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Curtis Baptist boys basketball uses tough schedule to prepare for playoffs

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Close proximity to larger schools boosts the gate, but it also helps growth.

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Curtis Baptist's Shawn Brown (left) and Micah Ryals practice at the school's gym. Ryals, the team's top scorer at 15 points per game, will lead the Crusaders on Wednesday against Dawson Street Christian in the state semifinals.  CHRIS THELEN/SPECIAL
CHRIS THELEN/SPECIAL
Curtis Baptist's Shawn Brown (left) and Micah Ryals practice at the school's gym. Ryals, the team's top scorer at 15 points per game, will lead the Crusaders on Wednesday against Dawson Street Christian in the state semifinals.

Curtis Baptist benefits from playing Augusta Christian, Augusta Prep and Westminster during the regular season. On the court, the Crusaders boys basketball team learns from those tough games in preparation for the state playoffs against programs more similar in size.

So come tournament time, it’s their time to rule.

The Curtis Baptist boys basketball team looks to take another step toward winning back-to-back Georgia Independent School Association Class A state championships when it plays Dawson Street Christian at 1 p.m. Wednesday at Mercer in the state semifinals. Curtis Baptist (22-7) hasn’t lost to a GISA team in its classification since a one-point loss to Frederica in the Class AA state semifinals Feb. 23, 2012.

Not only do those three other area schools, all in Class AAA, help, but they aren’t pushovers. Augusta Christian just won the SCISA state title and Augusta Prep plays Westminster in a GISA state semifinal Wednesday.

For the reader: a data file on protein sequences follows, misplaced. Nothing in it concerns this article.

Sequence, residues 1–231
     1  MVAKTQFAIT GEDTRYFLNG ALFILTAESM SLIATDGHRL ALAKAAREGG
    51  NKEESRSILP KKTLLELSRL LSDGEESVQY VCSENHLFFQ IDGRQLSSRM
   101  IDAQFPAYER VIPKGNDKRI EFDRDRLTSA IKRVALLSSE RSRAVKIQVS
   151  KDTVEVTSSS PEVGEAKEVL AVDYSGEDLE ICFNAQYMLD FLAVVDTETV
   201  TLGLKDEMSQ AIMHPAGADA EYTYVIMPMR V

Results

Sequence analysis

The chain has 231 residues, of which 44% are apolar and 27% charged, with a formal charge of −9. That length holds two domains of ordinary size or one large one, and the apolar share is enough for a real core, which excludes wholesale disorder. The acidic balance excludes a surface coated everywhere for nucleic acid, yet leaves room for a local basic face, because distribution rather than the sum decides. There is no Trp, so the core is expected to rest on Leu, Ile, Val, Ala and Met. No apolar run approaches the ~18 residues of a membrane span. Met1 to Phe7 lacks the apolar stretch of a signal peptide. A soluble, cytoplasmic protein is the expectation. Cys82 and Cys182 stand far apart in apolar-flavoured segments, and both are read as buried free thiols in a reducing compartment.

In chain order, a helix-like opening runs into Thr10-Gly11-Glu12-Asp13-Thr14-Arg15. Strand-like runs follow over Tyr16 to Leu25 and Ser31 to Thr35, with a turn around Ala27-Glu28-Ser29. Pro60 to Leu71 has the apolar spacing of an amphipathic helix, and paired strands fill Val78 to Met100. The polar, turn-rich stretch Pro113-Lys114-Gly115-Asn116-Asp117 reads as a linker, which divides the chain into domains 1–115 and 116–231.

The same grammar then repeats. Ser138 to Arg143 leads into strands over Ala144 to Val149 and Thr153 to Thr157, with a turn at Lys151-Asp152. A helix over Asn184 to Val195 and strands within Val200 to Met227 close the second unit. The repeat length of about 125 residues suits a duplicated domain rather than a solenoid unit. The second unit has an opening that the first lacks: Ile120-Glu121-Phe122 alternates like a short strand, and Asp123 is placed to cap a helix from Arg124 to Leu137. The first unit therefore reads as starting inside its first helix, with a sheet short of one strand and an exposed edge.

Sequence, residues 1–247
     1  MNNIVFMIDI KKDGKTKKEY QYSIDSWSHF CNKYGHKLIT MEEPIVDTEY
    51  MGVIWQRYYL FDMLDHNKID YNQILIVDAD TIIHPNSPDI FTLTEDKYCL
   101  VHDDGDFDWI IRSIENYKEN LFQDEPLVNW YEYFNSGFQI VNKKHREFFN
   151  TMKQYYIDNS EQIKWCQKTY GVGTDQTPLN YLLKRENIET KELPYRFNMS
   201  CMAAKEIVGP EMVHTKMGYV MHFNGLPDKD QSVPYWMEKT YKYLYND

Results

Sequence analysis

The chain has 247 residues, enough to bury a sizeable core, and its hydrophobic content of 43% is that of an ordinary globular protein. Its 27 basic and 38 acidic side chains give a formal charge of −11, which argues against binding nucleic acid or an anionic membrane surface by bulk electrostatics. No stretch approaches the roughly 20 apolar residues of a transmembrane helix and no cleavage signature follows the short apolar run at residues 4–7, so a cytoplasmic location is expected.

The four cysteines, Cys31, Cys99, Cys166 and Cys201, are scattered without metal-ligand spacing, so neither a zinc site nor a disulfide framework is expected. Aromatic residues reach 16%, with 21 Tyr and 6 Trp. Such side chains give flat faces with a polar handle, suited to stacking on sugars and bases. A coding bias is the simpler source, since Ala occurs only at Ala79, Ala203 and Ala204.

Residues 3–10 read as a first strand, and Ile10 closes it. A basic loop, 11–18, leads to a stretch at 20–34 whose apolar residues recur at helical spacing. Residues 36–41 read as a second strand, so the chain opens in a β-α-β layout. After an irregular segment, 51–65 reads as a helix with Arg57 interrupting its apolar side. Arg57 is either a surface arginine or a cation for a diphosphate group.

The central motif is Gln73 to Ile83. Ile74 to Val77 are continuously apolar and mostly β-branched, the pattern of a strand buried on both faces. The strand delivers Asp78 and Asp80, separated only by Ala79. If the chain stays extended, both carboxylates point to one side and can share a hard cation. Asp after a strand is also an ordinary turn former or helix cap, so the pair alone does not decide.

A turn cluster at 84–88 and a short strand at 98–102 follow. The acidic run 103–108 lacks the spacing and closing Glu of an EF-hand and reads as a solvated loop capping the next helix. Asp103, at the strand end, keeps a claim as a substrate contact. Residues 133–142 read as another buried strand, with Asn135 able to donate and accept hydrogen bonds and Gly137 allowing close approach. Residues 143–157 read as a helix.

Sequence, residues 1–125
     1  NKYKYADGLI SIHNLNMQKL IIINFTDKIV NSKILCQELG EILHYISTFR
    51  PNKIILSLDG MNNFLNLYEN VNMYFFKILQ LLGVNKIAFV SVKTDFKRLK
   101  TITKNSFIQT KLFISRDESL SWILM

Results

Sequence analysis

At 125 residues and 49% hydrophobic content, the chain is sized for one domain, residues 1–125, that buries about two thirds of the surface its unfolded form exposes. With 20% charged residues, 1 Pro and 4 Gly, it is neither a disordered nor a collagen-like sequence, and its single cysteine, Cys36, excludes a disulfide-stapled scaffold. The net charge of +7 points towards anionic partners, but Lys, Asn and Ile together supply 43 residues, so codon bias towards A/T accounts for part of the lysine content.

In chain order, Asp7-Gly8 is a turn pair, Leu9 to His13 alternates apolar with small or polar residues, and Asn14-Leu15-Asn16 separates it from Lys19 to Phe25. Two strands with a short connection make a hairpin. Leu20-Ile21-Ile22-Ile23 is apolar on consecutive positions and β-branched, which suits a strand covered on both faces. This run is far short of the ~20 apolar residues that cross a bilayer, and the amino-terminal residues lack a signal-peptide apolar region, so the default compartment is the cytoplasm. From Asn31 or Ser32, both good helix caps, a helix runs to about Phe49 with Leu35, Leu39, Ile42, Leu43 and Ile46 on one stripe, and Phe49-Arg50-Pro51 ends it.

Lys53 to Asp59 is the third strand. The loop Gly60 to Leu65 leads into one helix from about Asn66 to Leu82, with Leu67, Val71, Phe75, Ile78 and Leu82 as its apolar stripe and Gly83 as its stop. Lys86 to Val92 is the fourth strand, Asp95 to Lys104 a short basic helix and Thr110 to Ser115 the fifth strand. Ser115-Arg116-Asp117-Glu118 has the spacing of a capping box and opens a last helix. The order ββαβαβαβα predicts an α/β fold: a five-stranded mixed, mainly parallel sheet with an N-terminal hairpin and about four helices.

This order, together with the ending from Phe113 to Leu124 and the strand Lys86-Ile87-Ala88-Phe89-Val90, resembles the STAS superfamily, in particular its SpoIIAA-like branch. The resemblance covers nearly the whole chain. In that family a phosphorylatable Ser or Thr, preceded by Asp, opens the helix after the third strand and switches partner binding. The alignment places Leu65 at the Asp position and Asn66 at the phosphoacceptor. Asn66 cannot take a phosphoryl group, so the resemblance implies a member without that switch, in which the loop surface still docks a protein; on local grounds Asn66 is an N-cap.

“These are the games that make us better in the final four,” senior Micah Ryals said. “When we play those AAA schools, it gets us ready.”

The Crusaders made it back to the semifinals without All-State player Brian Wilson, who averaged more than 20 points per game as a senior in 2013.

Ryals, also a 2013 All-State selection, increased his scoring by 3.1 points per game to 15, becoming the team’s No. 1 scorer. He moved to point guard from shooting guard following Wilson’s departure.

As a result of reaching out to Wilson for advice, Ryals has gotten even better.

Juwan Rouse, a senior who came over from Grovetown, is second on the team at 12 points per game.

Veterans such as Makai Ray add depth for the Crusaders, who had six players with at least seven points in the second-round win.

“They’re unselfish,” Curtis Baptist coach John Spurlock said. “You see that with the average scores – it’s a mixture. Nobody really thinks they’ve got to be the high scorer to be considered one of the better players.”

This year’s team expects more balance in the semifinals, when Curtis Baptist must defeat the team it beat for the title last year. Only this time, it’s a round earlier and the Crusaders are the hunted.

“It’s nice to be top dog,” Ryals said. “It’s good to have the target on your back.”


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